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Gifted life is filled with challenges and misconceptions.
In this issue of A Word from GHF, we address the common fallacy that people with learning disabilities cannot be gifted, the growth of homeschooling in the gifted community, and how homeschooling can mean success for the gifted child.
We are also introducing a new feature by Susanne Thomas: text-to-video movies of our Dear GHF question. These animated shorts are fun to watch and easy to share!
Don't forget to look for the special "supporting-members-only" discount code to receive 25% off GPP books mentioned in this newsletter! And just in time for holiday shopping!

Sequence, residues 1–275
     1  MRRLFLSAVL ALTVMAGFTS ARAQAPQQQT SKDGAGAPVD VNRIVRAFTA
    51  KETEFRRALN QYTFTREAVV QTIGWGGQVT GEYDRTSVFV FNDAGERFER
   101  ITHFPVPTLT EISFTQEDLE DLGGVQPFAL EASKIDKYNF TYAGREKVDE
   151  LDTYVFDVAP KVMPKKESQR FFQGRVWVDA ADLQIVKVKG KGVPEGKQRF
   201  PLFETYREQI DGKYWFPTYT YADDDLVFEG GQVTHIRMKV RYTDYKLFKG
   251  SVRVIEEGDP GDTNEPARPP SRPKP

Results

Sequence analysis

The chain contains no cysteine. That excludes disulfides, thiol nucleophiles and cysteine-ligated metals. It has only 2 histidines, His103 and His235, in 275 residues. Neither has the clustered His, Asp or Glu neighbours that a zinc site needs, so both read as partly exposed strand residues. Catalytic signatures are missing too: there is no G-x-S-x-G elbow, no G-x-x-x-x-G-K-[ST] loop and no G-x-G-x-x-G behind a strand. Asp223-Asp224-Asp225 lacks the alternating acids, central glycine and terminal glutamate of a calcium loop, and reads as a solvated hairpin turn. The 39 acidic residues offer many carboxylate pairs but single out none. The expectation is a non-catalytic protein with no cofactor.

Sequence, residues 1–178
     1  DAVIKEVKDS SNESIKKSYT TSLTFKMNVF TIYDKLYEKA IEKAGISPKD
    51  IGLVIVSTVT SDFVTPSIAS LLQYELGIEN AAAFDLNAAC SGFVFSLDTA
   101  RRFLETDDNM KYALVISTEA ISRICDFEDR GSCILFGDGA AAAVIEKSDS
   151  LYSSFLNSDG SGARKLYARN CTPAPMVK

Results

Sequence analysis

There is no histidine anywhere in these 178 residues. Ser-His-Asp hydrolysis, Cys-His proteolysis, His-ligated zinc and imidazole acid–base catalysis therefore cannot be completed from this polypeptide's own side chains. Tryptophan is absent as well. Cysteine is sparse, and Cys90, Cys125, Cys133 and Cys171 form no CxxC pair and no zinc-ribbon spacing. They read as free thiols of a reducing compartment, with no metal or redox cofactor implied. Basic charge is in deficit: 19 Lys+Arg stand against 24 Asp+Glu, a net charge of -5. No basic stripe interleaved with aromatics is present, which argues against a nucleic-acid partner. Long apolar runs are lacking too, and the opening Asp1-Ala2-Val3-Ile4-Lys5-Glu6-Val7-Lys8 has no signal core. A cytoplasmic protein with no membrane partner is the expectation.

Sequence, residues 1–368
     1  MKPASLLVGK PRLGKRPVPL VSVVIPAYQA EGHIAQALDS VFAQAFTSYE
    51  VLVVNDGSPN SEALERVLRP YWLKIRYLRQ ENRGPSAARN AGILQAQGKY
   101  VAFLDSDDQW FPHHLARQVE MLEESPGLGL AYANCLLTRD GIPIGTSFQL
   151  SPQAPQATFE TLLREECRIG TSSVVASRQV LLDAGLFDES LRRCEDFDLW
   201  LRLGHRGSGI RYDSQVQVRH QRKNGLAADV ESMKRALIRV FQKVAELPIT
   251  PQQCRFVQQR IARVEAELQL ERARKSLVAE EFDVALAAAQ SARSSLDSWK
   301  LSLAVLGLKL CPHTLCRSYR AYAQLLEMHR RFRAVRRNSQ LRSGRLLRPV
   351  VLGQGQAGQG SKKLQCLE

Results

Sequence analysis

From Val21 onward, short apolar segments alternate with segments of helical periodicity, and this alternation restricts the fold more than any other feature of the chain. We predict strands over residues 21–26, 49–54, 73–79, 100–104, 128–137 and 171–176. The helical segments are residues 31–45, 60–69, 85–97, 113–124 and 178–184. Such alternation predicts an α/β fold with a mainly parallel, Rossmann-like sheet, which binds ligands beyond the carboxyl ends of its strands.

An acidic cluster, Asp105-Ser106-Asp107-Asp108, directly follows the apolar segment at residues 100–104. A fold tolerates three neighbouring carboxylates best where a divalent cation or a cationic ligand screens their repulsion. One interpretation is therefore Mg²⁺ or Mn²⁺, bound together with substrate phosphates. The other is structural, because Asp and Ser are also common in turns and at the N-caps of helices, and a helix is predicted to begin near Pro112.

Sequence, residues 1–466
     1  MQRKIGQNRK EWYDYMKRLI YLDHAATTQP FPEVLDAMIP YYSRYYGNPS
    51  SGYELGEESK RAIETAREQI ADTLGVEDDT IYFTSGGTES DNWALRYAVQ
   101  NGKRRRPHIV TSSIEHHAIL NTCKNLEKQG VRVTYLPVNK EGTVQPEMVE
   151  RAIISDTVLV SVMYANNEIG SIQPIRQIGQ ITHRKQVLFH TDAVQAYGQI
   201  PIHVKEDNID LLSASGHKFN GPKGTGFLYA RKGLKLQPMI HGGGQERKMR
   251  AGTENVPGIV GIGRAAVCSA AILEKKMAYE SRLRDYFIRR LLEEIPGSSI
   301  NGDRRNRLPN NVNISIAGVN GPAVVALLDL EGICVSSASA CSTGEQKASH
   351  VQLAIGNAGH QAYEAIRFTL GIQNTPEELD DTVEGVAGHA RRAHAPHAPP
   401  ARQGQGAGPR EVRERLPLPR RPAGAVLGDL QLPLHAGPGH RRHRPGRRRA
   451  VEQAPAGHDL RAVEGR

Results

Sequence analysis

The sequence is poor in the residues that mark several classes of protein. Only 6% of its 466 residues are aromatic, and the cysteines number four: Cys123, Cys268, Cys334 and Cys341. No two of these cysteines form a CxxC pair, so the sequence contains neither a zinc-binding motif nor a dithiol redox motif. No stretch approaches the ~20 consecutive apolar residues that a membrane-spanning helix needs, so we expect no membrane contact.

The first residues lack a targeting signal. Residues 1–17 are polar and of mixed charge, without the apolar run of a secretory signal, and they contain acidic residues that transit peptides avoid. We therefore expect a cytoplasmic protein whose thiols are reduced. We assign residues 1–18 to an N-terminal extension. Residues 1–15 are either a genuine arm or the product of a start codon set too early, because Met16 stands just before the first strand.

Read on to learn, laugh, and save!
Sarah J. Wilson
When my daughter was in school, one of her teachers told me that she was having trouble reading and should be tested for learning difficulties. A different teacher suggested nominating her for placement in the gifted program. We ended up homeschooling, but we’re still wondering—how can this be? Can she be both gifted and learning disabled?